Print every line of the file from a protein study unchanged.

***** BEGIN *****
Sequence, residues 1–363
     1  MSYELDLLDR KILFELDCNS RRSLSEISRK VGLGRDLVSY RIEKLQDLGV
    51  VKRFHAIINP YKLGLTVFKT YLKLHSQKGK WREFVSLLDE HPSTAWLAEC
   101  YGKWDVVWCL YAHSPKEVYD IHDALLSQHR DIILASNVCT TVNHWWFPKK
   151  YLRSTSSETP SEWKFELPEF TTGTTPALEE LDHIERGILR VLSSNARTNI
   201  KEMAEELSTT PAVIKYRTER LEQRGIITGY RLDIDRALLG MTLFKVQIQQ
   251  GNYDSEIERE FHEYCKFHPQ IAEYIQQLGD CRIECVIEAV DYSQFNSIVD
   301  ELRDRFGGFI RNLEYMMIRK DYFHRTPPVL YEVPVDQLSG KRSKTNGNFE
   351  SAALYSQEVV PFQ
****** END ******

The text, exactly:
Sequence, residues 1–363
     1  MSYELDLLDR KILFELDCNS RRSLSEISRK VGLGRDLVSY RIEKLQDLGV
    51  VKRFHAIINP YKLGLTVFKT YLKLHSQKGK WREFVSLLDE HPSTAWLAEC
   101  YGKWDVVWCL YAHSPKEVYD IHDALLSQHR DIILASNVCT TVNHWWFPKK
   151  YLRSTSSETP SEWKFELPEF TTGTTPALEE LDHIERGILR VLSSNARTNI
   201  KEMAEELSTT PAVIKYRTER LEQRGIITGY RLDIDRALLG MTLFKVQIQQ
   251  GNYDSEIERE FHEYCKFHPQ IAEYIQQLGD CRIECVIEAV DYSQFNSIVD
   301  ELRDRFGGFI RNLEYMMIRK DYFHRTPPVL YEVPVDQLSG KRSKTNGNFE
   351  SAALYSQEVV PFQ